• November 28, 2020

No One Wants to Give Your Kids Free Marijuana Edibles

 No One Wants to Give Your Kids Free Marijuana Edibles

Halloween candy. By Bill Charbonnet, via CC

It’s Halloween season, which means it is also time for your local news to roll out the annual scaremongering story about how there are large groups of insidious people just waiting out there to give your trick-or-treating children free marijuana edibles. This is one of those marijuana myths that simply keeps coming back from the dead with a vengeance every time the Jack-O-Lanterns start popping up on your neighbors’ doorsteps.

No one is giving out edibles to children as Halloween candy. 

Given the average cost of a one dose edible can range from around $10 to $25 it would not only be idiotic and wrong, it would also be incredibly expensive. There have never been any widespread reports of this happening in the real world, only in the minds of ratings-crazed newsrooms and fear-mongering prohibitionists.

While parents should always check their kid’s candy to ensure safety, this is one threat that shouldn’t rank too highly on their list of Halloween scares. There are always a very small amount of troubled people in the world, but it is a minor threat that is getting easier and easier to prevent as states move away from the unregulated illicit markets of prohibition to legalized adult-use markets. 

Vintage Halloween by Ben Riptheskull via CC
Vintage Halloween. By Ben Riptheskull, via CC

At state-licensed businesses, there are strict ID checks to keep marijuana products out of the hands of minors, and regulations on edibles that make them safer for adults and easier to identify to keep away from kids. Under prohibition, such products remain untested and those who produce and sell them are incentivized to make them look like any other food product to avoid the attention of law enforcement. 

Legalizing and regulating the responsible use of marijuana has countless benefits, and better enabling parents and communities to keep cannabis products away from young ones is among them. 

Journalist Simon Moyer-Smith summed it up perfectly in an op-ed for NBC News (that I encourage you read here):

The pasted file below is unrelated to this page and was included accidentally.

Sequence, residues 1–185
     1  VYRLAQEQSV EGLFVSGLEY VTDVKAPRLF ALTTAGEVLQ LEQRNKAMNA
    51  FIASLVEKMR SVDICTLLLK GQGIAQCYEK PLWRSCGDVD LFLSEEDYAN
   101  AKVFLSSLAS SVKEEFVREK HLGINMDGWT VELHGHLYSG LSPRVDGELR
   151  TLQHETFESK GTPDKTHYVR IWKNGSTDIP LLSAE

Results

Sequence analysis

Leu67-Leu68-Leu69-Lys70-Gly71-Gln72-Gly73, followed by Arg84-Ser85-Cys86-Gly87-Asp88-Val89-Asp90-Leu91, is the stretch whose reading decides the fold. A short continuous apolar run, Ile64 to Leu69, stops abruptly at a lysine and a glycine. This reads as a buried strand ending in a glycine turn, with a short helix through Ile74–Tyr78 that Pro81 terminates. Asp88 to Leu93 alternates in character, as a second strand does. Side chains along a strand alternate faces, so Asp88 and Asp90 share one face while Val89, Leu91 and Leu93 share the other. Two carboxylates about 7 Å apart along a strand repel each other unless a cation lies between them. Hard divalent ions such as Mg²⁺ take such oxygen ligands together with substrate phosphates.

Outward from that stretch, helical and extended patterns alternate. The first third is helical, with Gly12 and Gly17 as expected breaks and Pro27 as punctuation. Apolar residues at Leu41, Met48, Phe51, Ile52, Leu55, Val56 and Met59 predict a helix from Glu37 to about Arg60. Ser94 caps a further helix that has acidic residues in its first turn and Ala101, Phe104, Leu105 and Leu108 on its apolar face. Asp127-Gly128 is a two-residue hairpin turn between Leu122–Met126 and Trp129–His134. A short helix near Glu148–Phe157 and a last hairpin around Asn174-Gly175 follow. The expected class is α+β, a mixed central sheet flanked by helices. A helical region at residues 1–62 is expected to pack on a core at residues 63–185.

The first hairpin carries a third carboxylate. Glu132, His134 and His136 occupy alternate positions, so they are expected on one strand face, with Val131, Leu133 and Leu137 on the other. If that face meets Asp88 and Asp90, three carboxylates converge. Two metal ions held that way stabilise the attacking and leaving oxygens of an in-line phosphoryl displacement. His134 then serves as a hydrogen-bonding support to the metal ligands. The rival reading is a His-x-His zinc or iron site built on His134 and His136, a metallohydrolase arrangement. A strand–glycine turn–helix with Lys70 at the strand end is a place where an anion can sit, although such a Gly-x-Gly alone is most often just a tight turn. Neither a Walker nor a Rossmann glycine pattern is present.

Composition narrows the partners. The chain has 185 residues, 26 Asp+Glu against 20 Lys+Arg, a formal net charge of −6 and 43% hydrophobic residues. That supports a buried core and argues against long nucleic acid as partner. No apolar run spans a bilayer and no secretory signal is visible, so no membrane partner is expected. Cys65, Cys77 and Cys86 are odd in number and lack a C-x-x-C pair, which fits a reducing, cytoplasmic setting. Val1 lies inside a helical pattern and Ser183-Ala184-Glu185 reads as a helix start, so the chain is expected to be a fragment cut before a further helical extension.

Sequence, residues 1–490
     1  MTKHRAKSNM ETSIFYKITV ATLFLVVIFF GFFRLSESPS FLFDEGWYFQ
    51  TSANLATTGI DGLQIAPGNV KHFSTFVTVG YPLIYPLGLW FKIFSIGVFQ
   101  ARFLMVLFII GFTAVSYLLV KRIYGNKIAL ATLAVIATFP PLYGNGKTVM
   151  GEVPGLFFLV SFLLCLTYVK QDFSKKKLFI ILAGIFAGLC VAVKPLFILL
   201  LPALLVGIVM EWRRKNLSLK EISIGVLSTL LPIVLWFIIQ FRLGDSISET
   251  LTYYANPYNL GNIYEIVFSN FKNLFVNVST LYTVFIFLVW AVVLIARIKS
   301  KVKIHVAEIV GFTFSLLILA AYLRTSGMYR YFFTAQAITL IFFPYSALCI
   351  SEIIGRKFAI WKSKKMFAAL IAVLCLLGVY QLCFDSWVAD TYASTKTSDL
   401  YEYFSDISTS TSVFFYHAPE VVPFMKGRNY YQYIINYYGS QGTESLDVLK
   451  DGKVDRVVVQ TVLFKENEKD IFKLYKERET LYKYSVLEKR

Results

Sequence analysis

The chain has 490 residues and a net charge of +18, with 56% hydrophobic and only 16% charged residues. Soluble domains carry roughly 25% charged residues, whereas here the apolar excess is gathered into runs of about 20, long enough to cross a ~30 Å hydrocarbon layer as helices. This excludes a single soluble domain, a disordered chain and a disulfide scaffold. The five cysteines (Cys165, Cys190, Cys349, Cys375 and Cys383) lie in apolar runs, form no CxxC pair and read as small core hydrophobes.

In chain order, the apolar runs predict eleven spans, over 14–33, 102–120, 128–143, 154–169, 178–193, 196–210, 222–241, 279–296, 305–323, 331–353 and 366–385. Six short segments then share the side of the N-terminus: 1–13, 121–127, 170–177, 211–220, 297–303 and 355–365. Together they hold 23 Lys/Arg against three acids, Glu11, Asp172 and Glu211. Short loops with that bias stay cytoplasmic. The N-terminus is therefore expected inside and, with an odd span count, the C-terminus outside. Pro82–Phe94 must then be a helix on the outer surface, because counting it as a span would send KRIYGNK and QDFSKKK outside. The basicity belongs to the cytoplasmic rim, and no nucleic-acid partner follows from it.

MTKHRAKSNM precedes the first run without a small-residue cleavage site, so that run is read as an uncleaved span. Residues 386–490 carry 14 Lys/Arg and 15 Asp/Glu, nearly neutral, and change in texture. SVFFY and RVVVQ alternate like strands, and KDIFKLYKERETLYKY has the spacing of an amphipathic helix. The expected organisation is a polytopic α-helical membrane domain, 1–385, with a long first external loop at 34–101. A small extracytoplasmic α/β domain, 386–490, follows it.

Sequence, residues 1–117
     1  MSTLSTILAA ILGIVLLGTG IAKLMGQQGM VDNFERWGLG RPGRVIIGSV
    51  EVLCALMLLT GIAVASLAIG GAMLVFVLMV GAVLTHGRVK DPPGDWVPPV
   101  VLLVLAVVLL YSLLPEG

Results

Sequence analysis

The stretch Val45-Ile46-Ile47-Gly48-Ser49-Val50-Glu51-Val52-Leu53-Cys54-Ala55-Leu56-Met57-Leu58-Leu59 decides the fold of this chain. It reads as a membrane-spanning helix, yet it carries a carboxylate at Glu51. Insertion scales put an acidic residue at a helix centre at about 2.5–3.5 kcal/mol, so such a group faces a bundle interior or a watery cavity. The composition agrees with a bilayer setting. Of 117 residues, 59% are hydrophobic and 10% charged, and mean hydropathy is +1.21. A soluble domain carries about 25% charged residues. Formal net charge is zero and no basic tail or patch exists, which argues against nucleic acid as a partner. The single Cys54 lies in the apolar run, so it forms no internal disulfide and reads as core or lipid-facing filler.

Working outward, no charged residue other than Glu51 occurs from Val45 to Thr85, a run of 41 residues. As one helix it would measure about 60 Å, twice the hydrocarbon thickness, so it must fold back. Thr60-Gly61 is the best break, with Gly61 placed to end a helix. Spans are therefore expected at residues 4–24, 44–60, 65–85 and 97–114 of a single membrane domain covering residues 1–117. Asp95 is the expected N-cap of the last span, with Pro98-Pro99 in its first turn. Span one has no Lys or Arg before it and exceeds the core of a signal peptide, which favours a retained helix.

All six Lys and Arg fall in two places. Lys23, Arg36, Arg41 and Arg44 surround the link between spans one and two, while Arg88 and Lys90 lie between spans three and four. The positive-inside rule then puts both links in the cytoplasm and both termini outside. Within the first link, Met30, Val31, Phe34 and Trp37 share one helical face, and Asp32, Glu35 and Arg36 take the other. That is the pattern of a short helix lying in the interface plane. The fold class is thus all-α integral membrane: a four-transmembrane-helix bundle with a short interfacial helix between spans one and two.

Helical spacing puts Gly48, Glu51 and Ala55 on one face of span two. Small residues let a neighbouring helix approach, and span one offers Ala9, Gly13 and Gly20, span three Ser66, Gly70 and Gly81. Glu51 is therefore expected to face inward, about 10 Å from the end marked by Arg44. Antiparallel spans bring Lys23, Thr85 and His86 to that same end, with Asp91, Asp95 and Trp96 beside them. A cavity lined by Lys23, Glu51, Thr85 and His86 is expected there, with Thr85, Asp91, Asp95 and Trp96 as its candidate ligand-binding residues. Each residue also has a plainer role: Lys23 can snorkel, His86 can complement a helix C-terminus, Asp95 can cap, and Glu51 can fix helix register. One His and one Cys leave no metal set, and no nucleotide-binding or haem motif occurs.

“Halloween, of course, is a time of fear: ghouls, goblins, haunted houses and the sheer volume of leftover candy that will be around to tempt you. But it’s not a time to stoke fear about things that aren’t based in evidence and truth — and definitely not a time to demonize marijuana yet again.

“So fear demons, drunk drivers and Dum Dums, but there’s no need to fear that edibles will be given out willy-nilly to trick-or-treaters on Halloween.”

Have a fun, safe, and evidence-based Halloween – and of course, enjoy your edibles responsibly. 

This piece was first published on NORML’s website, but, with only some minor tweaks, was republished here with their permission. 

Erik Altieri

Erik Altieri


Erik Altieri is the executive director of the NORML. Previously, he was NORML’s Communications Director and ran the federal and state lobbying efforts and legislative outreach, administered NORML’s social media networks and served as a spokesman to the press from 2007-2015. During this time period he also was the manager of the NORML PAC, and worked to elect marijuana reform-friendly candidates at all levels of government. In 2015, he left NORML to explore other political issue activism including campaign finance reform and tax policy. He returned to NORML as executive director in 2016. He is the ninth executive director since NORML’s founding, and the youngest person named executive director in the organization’s history, an accomplishment recognized by Forbes Magazine when he was named one of Forbes’ 30 Under 30 for Law and Policy in 2017. Mr. Altieri is currently based in Washington, DC at NORML’s national headquarters.

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